Last month, I wrote a post about juicing, cleansing, and detoxing. Because I have a laptop and lot of opinions!! But do I have facts? Or was my post an emotional reaction to my fear that people are trying to take doughnuts away from me and body-shame my liver??
To find out, I asked Michelle Griffith, MD, specializing in Endocrinology, Diabetes, and Metabolism. She’s so smart, she was recently featured as one of the top doctors in the entire city of Pittsburgh. She also happens to be my sister-in-law.
So what does Dr. Griffith think about juicing?
“Juice is the devil’s beverage.”
Oh. Okay. Cool. Care to elaborate?
“Many people have (often undiagnosed) insulin resistance, impaired glucose tolerance, etc. In those people drinking juice will indeed lead to rapid absorption and a big spike in insulin output, and possibly an elevated glucose level anyway (if they have IGT). Our digestive systems evolved to extract nutrients from fibrous fruits and veggies and I cannot see that we would be missing vitamins in a clinically significant way by keeping the fiber in there. Healthy people with no IGT or diabetes will not be harmed by juicing- -but for anyone with those issues my mantra is ‘eat the fruit, don't drink the juice.’"
From here, I went down a bit of a rabbit hole in realizing that the whole concept of “detoxing” is much broader and deeper than a glistening, cold-pressed Instagram post. The more answers I got from Dr. Griffith, the more questions I had. The more questions I asked, the more words like “cytokines” and “non-alcoholic steatohepatitis” she began throwing at me. Suddenly, I was no longer sure if I was asking about juicing, environmental toxins like BPAs, allegedly inflammatory foods (gluten/soy/dairy), or liver cirrhosis.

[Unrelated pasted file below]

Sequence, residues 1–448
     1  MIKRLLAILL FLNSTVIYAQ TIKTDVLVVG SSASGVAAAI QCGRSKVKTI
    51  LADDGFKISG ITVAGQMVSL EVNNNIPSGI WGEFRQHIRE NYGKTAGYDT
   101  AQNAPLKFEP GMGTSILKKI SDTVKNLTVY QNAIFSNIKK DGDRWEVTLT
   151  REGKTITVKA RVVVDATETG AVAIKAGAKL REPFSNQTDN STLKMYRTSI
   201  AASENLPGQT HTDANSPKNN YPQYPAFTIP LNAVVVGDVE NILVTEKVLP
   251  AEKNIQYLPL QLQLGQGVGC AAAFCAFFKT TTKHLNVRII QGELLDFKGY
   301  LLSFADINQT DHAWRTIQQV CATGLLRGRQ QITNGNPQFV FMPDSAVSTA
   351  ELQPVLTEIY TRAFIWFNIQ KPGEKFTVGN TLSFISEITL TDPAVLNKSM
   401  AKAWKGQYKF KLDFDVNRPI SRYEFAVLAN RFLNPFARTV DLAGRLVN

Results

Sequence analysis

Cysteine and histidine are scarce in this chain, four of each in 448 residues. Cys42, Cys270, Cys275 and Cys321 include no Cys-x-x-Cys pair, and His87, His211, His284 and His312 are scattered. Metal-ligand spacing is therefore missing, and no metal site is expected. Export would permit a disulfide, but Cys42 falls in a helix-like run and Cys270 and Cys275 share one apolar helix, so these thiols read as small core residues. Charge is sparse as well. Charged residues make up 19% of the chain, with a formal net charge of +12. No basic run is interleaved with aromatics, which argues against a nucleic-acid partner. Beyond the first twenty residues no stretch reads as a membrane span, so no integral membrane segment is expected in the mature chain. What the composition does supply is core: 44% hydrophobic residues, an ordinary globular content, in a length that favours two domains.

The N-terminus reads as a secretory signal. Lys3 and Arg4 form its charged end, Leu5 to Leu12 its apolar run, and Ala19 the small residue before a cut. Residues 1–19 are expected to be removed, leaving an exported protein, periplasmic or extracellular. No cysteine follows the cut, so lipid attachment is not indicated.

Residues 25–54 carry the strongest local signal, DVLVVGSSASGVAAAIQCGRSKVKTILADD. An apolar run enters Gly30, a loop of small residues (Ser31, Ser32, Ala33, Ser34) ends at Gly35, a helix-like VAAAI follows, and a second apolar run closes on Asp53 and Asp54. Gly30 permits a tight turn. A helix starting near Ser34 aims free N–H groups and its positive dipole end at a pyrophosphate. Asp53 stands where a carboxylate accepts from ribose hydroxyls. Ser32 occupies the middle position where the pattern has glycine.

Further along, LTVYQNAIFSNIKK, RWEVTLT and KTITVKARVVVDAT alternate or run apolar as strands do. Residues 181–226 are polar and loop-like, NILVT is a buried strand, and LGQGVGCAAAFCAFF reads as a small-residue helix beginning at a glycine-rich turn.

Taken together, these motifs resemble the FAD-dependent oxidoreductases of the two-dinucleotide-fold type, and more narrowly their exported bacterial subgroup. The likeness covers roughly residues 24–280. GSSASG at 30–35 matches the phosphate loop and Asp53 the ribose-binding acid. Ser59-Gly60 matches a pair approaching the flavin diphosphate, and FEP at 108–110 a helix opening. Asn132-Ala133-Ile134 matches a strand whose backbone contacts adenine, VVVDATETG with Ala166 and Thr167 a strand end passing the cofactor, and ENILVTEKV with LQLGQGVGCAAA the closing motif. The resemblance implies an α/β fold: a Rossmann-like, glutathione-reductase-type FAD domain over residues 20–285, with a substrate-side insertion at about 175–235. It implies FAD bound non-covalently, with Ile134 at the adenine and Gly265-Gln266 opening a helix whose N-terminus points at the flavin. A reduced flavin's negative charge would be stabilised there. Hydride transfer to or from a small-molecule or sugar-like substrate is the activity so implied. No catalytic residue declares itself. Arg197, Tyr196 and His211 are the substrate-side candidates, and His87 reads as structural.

My one consolation is, I’m pretty sure the proselytizers of juicing and detoxing don’t really know, either.
Is sugar the enemy, or is microwaving leftovers in plastic containers the real danger?
“There's a spectrum of risk from these things. Some of the most dangerous liver toxins would rarely be encountered in day-to-day life. However, they are additive. So a person who drinks a lot of alcohol should not take excessive acetaminophen (Tylenol) and the recommended maximum dose for chronic use is lower for people who drink; the additive risk will be more than the risk to a person who does not drink and takes too much Tylenol. In day-to-day life, I think common sense is key. Basic cautions are fine. We are learning more and more about the dangers of plastics (e.g. BPAs- endocrine disrupting chemicals are a real thing)- while maybe not liver specific, we should not microwave food in plastic, etc. I think people think they can flush these kinds of toxins from the body, but I don't think there's good evidence that it makes a difference.”
“A short-term detox cannot make up for chronic insults to the liver and kidneys,” she tells me.
Aside from introducing me to my new favorite phrase, #ChronicInsultsToTheLiver (new band name, anyone??), Dr. Griffith’s message of common sense rings true to me. You have to eat like a goddamn adult once in a while. If you think beer counts as a sandwich and a box of Mike & Ike’s is a USDA-approved serving of fruit, it’s probably time for a major overhaul. A three-day cleanse is not going to do the job. As Dr. Griffith puts it, “Our body weight is a record of what we’ve taken in over months to years, not days to weeks, and the health of our kidneys, livers, brains, pancreases, etc also reflects months to years of food, drink, and activity.”
So, to bullet-point a few takeaways:
Still way better than this guy, though.
I like careers that involve wearing comfy pants. If I weren't a yoga teacher, I'd try to write full time for a living. Join me here to see what's on my mind, and share your thoughts with me!